No matter which ones you celebrate, the holidays are a time to join family and honor history and heritage. In our state, we have a diverse range of cultures, and each of these groups celebrates individual holiday traditions that make Texas unique during the holidays.
Many Texas holiday traditions can be traced back to Latin American and Spanish cultures. Tamales are a popular tradition and can be found on tables across Texas during the holiday season. This customary dish is thought to have originated around 7,000 B.C., with the domestication of corn by indigenous cultures in Mexico and Central America. Tamales first made their way to the U.S. with Spanish expansion, and have played a significant role in Texas culinary heritage. In the 1800s, women known as “Chili Queens” sold delicious chili and other fare, like tamales, at makeshift stands in the plazas of old San Antonio. Today you can buy tamales at grocery stores year-round. But the long labor-intensive process of la tamalada, making tamales together, is the key ingredient in celebrating this unique holiday tradition.
Christmas Tree Farms
In Texas, cutting down your own tree out in the country is very common. This is not a process for the faint of heart or the impatient, either. The reason cutting down your own real tree is so important and crucial to the holidays in Texas is because here, we love the great outdoors as well as any chance to bring them inside. While the rest of the world may be cold or even snowy during this season, we usually enjoy fall-like temperatures perfect for tree-selecting. Waking up every morning and coming home each night to the smell of fresh Fraser Fir is soothing for the soul—something no Texan should miss out on.
Lights, Lights, Lights!
Sure, there are lights in every city across these United States, but they’re not as excessive as ones in Texas. Whether you’re checking out the Christmas extravaganza that is the Gaylord Texan in Irving, or are walking through night lights of downtown Fredericksburg, there’s something special about the experience when you’re in this great state. Don’t be shocked if you see armadillos wrapped in lights, or a replica of Big Tex in your neighbor’s front yard. With all of the unique findings city and neighborhood-wide, you’ll be amused for weeks.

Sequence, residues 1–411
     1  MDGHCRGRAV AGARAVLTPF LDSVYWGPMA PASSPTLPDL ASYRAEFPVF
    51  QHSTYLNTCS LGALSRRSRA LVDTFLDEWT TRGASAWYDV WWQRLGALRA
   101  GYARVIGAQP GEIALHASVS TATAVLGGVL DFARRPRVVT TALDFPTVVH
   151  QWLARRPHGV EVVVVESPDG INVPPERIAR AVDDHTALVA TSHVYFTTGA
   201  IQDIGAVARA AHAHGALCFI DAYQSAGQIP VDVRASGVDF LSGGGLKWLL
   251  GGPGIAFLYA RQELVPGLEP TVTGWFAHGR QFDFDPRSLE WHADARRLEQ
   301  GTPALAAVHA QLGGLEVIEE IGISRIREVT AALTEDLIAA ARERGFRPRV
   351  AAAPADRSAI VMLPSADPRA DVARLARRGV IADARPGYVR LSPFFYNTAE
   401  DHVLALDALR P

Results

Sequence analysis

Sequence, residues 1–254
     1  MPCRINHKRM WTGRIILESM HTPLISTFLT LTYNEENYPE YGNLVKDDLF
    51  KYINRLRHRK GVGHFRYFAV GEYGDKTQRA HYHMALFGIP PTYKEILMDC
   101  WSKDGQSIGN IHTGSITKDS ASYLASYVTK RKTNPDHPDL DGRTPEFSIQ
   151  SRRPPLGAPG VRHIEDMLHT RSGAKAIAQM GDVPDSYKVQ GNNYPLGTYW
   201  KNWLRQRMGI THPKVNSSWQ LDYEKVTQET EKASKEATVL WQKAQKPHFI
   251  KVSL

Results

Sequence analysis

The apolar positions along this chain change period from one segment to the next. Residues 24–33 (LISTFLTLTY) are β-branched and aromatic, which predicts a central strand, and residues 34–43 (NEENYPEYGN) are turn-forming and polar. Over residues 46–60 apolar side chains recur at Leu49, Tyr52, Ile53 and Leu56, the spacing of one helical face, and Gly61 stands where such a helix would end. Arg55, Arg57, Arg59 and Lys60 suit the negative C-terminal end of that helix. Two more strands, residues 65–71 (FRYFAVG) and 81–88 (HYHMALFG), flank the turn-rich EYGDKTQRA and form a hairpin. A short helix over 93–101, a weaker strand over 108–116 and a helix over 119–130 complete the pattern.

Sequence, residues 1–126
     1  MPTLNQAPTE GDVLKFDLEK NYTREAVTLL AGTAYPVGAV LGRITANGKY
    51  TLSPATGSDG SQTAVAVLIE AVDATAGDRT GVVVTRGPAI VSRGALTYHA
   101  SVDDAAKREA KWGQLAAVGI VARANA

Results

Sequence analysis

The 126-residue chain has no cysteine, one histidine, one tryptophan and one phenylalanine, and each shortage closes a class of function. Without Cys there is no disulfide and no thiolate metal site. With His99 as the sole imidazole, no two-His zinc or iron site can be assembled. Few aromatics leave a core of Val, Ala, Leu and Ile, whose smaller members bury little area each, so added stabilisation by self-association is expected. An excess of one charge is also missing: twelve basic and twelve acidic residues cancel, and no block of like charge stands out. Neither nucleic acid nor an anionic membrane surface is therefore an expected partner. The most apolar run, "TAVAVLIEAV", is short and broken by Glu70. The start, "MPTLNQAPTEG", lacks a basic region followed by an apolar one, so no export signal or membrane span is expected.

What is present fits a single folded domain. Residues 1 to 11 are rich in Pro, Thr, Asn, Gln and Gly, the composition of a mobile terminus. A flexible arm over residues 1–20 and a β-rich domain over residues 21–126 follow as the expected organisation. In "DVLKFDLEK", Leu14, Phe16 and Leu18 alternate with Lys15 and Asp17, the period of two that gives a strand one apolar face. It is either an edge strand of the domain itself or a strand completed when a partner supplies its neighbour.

Another sign of Latin American cultural influence in Texas is poinsettias. Poinsettia plants are native to Mexico and Central America, especially an area of southern Mexico known as Taxco del Alarcon, where they bloom during the winter. The ancient Aztecs called them cuetlaxochitl. Stores and homes across the state decorate with this vivid red flower. Ellison’s Greenhouses, famous for Texas-sized poinsettias that grow to a jaw-dropping six feet high, invites visitors into its greenhouses just once a year. One of the magnificent plants is taken to the White House for Christmas each year.
Dickens on the Strand
Dickens on the Strand is an annual Christmas festival in Galveston, Texas, occurring the first weekend in December. Established in 1974 and set against the historical backdrop of Galveston’s Strand, participants come to witness and relive the Charles Dickens era. Saturday features a parade featuring Queen Victoria, and there is a costume contest on Sunday—participants dressed in Victorian fashion are admitted for half price. Admission also includes access to the Elissa (tall ship), a merchant vessel built in 1877. The annual holiday street festival, based on 19th-century Victorian London, features parades, non-stop entertainment on five stages, strolling carolers, roving musicians, bagpipers, jugglers, and a host of other entertainers. Costumed vendors peddle their wares from street stalls and rolling carts laden with holiday food and drink, Victorian-inspired crafts, clothing, jewelry, holiday decorations and gift items.
Happy Holidays from Lone Star Financing
From our families to yours, we wish you a bright, beautiful holiday season.